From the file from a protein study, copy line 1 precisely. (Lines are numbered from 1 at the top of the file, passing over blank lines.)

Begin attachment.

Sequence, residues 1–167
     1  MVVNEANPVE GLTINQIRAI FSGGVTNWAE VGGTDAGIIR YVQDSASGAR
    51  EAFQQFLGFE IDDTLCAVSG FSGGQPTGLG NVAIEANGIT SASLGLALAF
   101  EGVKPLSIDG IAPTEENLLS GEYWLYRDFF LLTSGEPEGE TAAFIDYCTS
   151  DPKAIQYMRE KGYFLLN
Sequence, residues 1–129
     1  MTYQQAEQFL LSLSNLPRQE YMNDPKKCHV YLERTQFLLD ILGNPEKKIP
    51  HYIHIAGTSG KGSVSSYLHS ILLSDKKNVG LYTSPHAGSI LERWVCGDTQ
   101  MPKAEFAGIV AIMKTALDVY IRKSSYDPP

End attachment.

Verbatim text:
Sequence, residues 1–167